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Arguably, a Just War
by Fr. John G. Yockey

My personal thanks to Bishop Richard J. Sklba for inspiring us all with his eloquent article, "The sorrow of a war-torn world," Catholic Herald (August 11, 2005), p. 3, reprinted in our bulletin last weekend. At the same time, I respectfully disagree with his closing criticism of the Iraq War.

It is both true and commendable, as the bishop noted: "...the highest levels of our universal Catholic Church concluded that the decision of the United States to go to war in Iraq was morally indefensible." The prophetic voice of our late Holy Father on this issue will always give me serious reason to pause. His constant, categorical insistence that every war is a defeat for humanity came from the indelible pain of his first-hand encounter with atrocity, even more fundamentally than from his mystical prayer or theological conclusions. Nonetheless, his specific application of such core Gospel value to the complex crisis in Iraq under Saddam is a matter of pastoral opinion (however well informed), not of doctrine.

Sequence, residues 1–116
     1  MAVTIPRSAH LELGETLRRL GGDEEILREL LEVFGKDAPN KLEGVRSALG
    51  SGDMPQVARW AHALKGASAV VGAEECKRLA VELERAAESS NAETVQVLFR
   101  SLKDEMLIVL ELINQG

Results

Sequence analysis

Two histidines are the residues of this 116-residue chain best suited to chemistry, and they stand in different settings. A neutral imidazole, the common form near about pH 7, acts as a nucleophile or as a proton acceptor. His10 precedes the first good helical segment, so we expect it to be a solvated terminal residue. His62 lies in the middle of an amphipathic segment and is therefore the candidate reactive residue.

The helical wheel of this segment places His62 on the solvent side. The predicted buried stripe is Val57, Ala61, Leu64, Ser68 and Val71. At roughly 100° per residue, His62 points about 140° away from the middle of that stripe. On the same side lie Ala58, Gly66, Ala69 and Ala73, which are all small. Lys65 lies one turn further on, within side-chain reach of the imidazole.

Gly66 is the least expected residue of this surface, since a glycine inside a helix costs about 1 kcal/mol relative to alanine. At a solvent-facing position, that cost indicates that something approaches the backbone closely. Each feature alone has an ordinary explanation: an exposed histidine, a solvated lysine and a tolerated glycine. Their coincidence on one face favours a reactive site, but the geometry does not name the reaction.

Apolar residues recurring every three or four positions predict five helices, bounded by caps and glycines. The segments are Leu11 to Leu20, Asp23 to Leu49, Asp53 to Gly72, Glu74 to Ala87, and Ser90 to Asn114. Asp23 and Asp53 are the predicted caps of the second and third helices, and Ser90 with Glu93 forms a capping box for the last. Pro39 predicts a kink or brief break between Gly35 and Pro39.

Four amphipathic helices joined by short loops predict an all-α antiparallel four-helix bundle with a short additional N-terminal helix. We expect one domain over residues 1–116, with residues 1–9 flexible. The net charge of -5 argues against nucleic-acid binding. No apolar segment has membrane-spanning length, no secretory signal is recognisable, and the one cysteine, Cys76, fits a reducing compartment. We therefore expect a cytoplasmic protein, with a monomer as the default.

Catholic doctrine, while emphasizing the primary imperative of non-violent conflict resolution, still concedes that a war can be justified when certain principles are followed (cf. Catechism nos. 2308-09). Often the painful limitations of our human condition most tragically fall far short of the evangelical ideal. The finite nature of creation, the devastating consequences of sin, and our unfinished world groaning for full transformation in Christ make conflict unavoidable at times so long as the weeds in Jesusí parable continue to grow with the wheat.